In honor of its 75th anniversary this year, Lawry’s The Prime Rib will begin rolling out a new grilled rib eye steak next month, marking the chain's first new entrée addition in about 20 years.
The addition of the rib eye is a bold move for a chain known for sticking to traditions dating back to the opening of the original Beverly Hills, Calif., location in 1938. Lawry’s The Prime Rib has long been known for its menu almost entirely focused on slow-roasted prime rib, which is carved at the table from rolling silver-domed carts.
Ryan Wilson, corporate executive chef of parent company Lawry’s Restaurants Inc., and a fourth-generation representative of the family-owned business, said the decision to add the rib eye was an attempt to eliminate a veto vote,while still trying to stay true to his great-grandfather’s very focused brand concept.
“We knew that guests weren’t coming in to the restaurants because we weren’t serving a traditional steak,” said Wilson. “Adding a rib-eye steak, done our way using our product, doesn’t diminish the brand in any way. I think it will broaden the appeal of the brand.”
The rib eye is made from the same cut as the prime rib, so it’s more a matter of presentation, said Wilson.
To make the new steak, a whole standing rib roast is slow cooked to very rare over a bed of rock salt, then chilled. Using a custom-built meat saw, the roast is portioned into 24-ounce bone-in or 12-ounce boneless steaks and seasoned.
Then the steaks are charbroiled to order and finished in the oven with a brush of basting butter. The result is a tender steak with a seared, caramelized crust. Served with crispy fried onions and scalloped potatoes, the rib eye is priced at $46 for a 12-ounce steak and $54 for the 24-ounce version.
The steak has been tested as a special in Las Vegas and Chicago, but it will be rolled out as a permanent menu item systemwide, starting in August in Beverly Hills. International locations will add the item in the fourth quarter and into 2014, Wilson said.
Steak lovers should not start looking for a petit filet or other additions to the menu anytime soon, said Wilson.
Renewed focus on growth
Los Angeles-based Lawry’s Restaurants Inc. is also poised for new growth in the U.S. and overseas. The company currently operates and licenses nine Lawry’s The Prime Rib locations, as well as two units of The Carvery and the one-off restaurants Five Crowns, with its adjacent gastro pub SideDoor, and Tam O’Shanter.
The company is in the process of bringing a new Lawry’s The Prime Rib location to Seoul, Korea — a first for the chain, which has seen success in Asia with licensed locations in Japan, Singapore, Hong Kong and Taipei.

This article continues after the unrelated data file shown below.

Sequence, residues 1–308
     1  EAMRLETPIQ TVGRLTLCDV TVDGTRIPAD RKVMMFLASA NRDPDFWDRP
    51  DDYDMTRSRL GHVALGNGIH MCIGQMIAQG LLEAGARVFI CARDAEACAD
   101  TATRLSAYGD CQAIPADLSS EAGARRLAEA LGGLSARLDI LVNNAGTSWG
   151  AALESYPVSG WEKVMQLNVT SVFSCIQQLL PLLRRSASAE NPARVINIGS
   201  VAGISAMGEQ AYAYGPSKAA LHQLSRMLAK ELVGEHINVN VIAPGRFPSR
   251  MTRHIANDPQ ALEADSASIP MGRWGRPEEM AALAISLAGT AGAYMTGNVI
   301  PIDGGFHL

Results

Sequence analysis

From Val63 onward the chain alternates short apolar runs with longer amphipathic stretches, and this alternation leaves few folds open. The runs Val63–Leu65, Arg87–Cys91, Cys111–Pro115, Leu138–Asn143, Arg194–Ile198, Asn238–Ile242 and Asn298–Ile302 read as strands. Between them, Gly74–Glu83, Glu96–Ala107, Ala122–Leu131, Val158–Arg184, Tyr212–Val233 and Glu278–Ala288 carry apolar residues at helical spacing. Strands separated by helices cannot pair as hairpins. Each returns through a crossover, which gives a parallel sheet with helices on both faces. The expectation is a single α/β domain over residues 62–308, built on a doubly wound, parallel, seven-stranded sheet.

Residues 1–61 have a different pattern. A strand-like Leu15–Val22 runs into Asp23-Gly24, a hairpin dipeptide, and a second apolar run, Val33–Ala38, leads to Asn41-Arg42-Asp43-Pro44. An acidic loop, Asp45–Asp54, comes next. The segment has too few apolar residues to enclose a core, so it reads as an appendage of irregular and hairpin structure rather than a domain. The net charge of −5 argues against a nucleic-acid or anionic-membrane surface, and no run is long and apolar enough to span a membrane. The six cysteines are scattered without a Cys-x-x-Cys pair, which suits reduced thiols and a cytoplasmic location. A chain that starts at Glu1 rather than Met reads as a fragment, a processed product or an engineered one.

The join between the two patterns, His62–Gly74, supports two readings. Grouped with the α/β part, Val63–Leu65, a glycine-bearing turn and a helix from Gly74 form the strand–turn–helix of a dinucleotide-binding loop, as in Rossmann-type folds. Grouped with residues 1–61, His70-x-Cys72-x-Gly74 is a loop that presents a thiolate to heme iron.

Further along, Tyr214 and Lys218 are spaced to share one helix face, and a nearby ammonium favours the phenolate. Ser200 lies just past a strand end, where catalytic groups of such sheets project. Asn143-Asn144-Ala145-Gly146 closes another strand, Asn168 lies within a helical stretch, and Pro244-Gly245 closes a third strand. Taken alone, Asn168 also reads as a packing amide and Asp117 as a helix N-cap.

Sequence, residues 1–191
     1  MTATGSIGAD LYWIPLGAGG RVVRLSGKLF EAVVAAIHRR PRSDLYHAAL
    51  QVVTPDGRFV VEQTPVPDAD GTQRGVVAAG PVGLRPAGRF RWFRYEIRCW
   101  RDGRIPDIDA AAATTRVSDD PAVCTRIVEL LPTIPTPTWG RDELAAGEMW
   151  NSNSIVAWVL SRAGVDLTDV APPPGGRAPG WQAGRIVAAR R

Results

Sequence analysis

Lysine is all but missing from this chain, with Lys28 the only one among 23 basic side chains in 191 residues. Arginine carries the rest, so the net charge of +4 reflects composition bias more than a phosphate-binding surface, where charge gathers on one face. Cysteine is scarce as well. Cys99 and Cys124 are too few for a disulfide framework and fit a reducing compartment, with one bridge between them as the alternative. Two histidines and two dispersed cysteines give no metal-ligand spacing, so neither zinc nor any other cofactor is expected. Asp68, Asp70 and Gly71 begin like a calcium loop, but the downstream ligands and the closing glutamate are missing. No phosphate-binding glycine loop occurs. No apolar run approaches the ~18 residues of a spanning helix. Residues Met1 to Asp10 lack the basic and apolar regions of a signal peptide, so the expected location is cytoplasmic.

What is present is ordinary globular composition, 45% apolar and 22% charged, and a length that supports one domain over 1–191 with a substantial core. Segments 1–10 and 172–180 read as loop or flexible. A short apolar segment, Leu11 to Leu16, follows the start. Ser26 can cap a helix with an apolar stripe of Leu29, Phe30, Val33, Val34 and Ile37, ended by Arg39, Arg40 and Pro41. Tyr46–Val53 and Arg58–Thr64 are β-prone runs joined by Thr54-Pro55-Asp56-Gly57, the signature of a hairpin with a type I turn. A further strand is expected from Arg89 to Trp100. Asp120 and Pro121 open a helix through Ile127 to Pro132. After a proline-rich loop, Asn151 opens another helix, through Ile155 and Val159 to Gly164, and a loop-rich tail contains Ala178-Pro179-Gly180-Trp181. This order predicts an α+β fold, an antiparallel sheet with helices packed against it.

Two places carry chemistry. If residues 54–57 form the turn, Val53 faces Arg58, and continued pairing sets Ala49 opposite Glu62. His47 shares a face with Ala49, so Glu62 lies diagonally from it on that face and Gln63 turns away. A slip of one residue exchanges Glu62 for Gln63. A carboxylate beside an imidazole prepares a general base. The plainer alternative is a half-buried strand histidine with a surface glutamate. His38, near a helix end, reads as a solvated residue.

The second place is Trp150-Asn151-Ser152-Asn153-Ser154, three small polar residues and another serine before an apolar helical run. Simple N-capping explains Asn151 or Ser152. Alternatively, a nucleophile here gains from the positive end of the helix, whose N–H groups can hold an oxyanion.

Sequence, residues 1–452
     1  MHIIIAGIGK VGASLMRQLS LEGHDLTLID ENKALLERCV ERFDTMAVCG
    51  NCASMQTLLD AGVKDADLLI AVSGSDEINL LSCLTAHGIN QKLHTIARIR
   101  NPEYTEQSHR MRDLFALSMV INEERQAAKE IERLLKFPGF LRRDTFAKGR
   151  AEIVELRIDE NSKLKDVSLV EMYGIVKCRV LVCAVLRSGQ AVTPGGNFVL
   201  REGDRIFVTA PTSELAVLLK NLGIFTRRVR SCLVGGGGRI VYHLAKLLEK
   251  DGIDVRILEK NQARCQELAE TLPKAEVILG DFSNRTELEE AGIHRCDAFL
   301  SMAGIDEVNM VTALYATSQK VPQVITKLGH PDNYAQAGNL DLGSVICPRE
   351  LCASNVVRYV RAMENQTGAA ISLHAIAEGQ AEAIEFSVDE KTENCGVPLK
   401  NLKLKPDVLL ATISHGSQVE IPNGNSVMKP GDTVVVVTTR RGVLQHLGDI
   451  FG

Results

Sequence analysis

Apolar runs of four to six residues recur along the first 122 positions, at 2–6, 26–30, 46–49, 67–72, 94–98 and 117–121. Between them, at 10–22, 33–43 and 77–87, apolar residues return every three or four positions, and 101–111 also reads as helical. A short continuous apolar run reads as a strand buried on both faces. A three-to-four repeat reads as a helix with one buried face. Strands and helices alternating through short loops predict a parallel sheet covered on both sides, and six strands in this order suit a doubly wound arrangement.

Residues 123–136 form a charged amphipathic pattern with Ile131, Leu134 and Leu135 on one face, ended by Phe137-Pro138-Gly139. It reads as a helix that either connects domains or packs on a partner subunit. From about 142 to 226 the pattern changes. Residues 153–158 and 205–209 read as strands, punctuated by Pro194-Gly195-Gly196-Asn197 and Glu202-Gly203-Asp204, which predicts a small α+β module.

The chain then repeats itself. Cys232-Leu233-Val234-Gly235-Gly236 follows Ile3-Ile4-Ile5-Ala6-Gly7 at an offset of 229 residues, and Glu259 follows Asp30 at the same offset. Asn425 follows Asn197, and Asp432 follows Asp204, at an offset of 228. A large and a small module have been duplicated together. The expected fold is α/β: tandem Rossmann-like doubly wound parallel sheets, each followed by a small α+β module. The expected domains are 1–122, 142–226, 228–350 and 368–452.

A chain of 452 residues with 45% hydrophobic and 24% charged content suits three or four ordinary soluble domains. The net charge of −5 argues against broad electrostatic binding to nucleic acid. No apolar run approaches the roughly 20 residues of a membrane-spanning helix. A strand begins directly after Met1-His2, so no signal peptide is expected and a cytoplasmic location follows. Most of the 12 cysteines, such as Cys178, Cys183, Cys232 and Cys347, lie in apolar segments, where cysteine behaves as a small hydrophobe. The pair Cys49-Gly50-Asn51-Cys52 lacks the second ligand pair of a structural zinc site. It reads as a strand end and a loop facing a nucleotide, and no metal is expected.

The company is also looking for more corporate locations in the U.S. in addition to growing its other concepts, such as its fast-casual sandwich concept, The Carvery, which currently has two units in Southern California.
In 2009, Wilson added the SideDoor gastro pub concept to the company’s English-themed Five Crowns restaurant in Corona del Mar, Calif., another landmark restaurant dating back to 1965, which also serves prime rib. The 90-seat gastro pub offers 12 beers on tap, wines by the glass and craft cocktails with a more casual menu, like prime rib sandwiches and prime rib chili cheese fries.
SideDoor has exceeded expectations, and the company plans to add a similar unit to the Lawry’s Prime Rib in Chicago this fall. Wilson said some elements of the concept will also likely be added to the Lawry’s in Dallas, though it may not be called SideDoor there.
Richard Frank, Lawry’s Restaurants president and chief executive and Wilson’s uncle, said the addition of more approachable price points allows the company to compete with steakhouse chains that have been adding more-affordable bar and prix fixe menus. Still, SideDoor won’t come to Beverly Hills or Las Vegas because the Lawry’s there don’t have the foot traffic, he said.
Lastly, Wilson said he is working on menu upgrades at the Tam O’ Shanter, a restaurant the family opened in 1922 that is believed to be one of the oldest in Los Angeles to operate continuously at the same location. Prime rib will remain the focus of that menu, Wilson said, but he is adding more entrée salads, burger and sandwiches at different price points.
“I think it’s a trend we’re seeing and something we learned with SideDoor. You can still build a great dining experience and check average if you give guests more price points to choose from,” said Wilson.